Early in 2012 I fulfilled one of my goals to do more public outings and to give back to the writing community who I sincerely wish I could spend more time cavorting with. I proposed, planned and was able to give a panel on one of my favorite subjects, Beta Reading. Like some writers can talk for days about world building, plot structures, characterizations, I love to dig into Beta Editing. OCD Alert, I love speaking about the tools, the processes, the degree of attention, the degree of cooperation involved. I have to admit that most of my study has been born out of dreams of the perfect beta reader. As a writer, I have this hmmm…selfish motivation. I wish that I could just crank out tomes and spend less time editing. Have a reader who could not only point out my inconsistencies, spot my errors and help me to stick to the damn plot. It would surely save me time and embarrassment but well…finding beta readers is not always easy and finding good ones is even rarer.
Now, I don’t toot my horn often, but I believe that I’m a pretty good beta reader when it comes to content. Back in the day when I didn’t have a good deal of writing assignments, I did a great deal of Beta reading for other authors and I loved it. Dissecting a text, writing up a summary, offering suggesting, pointing out brilliant bits and highlighting the awkward portions—Oh but it takes me back to my college days, scribbling notes (okay entire paragraphs) in red on the borders of “The Dubliners”...Yeah so, I am wiping the tears of nostalgia from the corners of my eyes as I peer at my writing schedule and how far behind I am.
So recently, my go-to beta reader asked me, “Do you think that I’m a good beta reader?” Thinking back to all of the times she has ripped into me about bad choreography, character inconsistencies, lack of action and sometimes the atrocious grammatical and punctual errors that I make, I have to say “Hells yeah!” Not to veer off topic but I often have people ask me how did you get published and I tell them that the most important commodity to have is a thick skin. (Not as thick as Jamie’s but thick).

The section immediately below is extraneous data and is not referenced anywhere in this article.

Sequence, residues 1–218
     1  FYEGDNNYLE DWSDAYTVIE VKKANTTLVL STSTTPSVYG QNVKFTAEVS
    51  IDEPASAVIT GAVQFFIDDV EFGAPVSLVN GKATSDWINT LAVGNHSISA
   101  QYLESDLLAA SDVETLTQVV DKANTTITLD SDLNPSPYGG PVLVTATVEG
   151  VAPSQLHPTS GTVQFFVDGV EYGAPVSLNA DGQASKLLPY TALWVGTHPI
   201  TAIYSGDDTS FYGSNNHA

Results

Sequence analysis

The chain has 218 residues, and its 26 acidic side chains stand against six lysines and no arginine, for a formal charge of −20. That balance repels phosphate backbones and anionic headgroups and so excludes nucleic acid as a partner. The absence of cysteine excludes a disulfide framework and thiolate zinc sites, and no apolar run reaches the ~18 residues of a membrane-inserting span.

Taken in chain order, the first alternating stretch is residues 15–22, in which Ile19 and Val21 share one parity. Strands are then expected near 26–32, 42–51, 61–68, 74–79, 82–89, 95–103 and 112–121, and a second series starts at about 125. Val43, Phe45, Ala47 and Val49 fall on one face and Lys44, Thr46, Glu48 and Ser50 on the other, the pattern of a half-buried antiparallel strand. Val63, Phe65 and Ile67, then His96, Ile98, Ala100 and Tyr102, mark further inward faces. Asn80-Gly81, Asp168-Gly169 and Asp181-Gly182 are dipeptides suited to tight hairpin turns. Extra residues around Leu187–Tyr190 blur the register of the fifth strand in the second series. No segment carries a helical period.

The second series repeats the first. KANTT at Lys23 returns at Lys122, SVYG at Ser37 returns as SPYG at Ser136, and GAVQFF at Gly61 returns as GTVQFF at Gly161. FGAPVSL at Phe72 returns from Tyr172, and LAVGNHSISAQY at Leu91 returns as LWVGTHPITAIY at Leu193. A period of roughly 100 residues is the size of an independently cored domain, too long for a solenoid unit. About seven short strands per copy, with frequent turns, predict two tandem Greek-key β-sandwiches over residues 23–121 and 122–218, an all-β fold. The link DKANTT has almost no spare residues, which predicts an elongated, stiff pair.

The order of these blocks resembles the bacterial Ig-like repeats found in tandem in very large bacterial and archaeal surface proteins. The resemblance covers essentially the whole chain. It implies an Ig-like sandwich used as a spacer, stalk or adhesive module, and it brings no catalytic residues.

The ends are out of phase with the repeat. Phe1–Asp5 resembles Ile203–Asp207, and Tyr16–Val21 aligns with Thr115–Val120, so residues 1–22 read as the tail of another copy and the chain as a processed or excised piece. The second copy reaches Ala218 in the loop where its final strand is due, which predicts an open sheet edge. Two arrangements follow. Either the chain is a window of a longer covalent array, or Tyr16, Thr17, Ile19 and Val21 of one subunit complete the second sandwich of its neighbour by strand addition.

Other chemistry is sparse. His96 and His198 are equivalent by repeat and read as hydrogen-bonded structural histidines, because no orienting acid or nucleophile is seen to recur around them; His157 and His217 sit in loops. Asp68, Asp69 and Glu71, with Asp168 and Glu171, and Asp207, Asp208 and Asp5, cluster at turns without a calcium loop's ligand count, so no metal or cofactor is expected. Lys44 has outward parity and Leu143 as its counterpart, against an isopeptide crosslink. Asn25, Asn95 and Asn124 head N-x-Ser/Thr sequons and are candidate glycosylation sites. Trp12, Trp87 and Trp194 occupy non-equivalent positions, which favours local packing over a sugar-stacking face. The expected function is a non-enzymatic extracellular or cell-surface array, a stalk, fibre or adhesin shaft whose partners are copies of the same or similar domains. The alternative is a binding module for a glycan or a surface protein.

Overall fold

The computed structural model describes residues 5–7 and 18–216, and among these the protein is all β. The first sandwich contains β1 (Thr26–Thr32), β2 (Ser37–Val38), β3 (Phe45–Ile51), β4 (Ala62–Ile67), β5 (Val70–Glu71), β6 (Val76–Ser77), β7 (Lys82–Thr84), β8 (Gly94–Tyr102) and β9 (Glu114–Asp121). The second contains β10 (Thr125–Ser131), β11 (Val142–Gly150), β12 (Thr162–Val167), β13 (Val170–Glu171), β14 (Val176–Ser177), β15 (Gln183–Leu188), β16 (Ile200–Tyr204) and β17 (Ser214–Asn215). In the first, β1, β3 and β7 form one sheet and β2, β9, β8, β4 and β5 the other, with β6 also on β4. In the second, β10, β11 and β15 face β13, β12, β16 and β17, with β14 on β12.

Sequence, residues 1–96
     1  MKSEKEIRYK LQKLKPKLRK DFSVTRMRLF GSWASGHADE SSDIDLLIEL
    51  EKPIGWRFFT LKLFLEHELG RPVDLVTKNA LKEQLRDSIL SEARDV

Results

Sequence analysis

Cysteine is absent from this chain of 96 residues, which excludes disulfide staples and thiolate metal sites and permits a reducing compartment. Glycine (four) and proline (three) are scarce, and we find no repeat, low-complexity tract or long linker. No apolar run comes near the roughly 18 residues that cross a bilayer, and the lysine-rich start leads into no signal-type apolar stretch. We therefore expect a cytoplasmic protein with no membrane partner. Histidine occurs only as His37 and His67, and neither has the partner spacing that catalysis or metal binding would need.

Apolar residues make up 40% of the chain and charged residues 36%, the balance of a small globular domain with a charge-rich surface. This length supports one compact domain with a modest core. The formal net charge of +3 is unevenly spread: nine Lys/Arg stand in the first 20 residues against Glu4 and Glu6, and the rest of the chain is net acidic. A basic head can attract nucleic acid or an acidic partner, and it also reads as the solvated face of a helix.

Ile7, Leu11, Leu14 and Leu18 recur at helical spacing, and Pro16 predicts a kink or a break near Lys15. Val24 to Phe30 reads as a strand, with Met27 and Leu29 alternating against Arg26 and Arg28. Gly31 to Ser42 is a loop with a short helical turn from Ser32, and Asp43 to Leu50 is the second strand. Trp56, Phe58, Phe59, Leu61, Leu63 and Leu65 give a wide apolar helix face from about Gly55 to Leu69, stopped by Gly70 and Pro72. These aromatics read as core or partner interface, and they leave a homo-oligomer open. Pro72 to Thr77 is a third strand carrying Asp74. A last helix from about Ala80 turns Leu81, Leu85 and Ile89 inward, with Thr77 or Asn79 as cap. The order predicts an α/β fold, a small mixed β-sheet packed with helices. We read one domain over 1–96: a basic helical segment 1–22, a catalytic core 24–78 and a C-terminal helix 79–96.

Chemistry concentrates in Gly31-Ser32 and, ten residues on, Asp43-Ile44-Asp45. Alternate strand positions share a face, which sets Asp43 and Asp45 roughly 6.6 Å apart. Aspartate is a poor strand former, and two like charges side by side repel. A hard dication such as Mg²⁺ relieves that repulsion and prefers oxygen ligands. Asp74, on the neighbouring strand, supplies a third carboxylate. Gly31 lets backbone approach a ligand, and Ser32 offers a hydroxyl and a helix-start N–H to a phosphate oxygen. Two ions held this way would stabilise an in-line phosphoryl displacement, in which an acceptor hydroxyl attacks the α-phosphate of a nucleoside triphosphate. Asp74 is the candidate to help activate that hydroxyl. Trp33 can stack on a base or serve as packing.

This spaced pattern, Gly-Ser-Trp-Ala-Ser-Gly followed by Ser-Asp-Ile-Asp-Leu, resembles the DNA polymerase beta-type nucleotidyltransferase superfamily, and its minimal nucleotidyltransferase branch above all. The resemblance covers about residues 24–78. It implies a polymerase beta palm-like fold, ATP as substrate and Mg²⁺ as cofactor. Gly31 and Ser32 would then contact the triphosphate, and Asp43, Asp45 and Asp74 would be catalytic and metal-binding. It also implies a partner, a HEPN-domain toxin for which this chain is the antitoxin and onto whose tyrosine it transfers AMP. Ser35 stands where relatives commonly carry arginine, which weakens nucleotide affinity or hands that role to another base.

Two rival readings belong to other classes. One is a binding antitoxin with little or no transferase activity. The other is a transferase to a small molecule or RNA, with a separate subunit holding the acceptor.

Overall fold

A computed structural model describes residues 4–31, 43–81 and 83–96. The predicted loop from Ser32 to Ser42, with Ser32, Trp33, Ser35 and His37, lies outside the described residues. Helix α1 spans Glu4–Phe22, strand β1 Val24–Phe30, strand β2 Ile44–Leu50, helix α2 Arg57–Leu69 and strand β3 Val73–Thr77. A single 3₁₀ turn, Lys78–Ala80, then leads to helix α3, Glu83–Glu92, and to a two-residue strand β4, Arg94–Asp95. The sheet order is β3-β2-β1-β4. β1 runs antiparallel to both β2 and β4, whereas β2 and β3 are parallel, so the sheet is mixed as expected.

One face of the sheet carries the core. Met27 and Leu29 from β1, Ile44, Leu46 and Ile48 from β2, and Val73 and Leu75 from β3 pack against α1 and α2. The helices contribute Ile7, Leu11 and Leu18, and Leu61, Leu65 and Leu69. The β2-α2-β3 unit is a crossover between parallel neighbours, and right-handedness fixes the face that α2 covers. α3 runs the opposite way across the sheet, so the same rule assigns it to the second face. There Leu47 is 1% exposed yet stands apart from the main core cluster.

Everyone likes cheerleaders, sure, but I don’t covet my babies, I send them out into the world to fend for themselves, so I would rather someone tell me that my kids are wearing mismatched socks and are lacking deodorant before they reach the door. Anyone who can’t take criticism and is afraid of the color red, has a hard road before them in writing. Submissions, Editors, Publishers can be (okay, mostly are) more keen on tearing your work apart than any Beta Reader. So my goal is to shoot for the least amount of embarrassment when I send off a new submission.
Let me tell you, the fact that my Beta reader is opinionated and picky helps immensely. Every writer’s needs are different, but I expressed to her that plot and choreography errors were my greatest concerns, that I wanted first impressions and opinions and she gives me that in spades. Do I need help with mechanics? Sure I do. [I am currently seeking a grammar and punctuation Nazi as a second Beta] but the fact that every story is a piece of clay which needs to be molded, hewn to the closest perfection before being taken to the kiln is undeniable.
I know several writers who have gotten discouraged over criticism and rejections, but I will always embrace it. I KNOW that there are flaws that I can’t see. I also know that I am often too close to see said flaws and so I love, adore and will do everything I can to encourage more readers to become Beta readers!
So from time to time, I will be posting Beta Reading topics and tools as I wait anxiously for my next opportunity to do a panel…which is also a New Year’s resolution.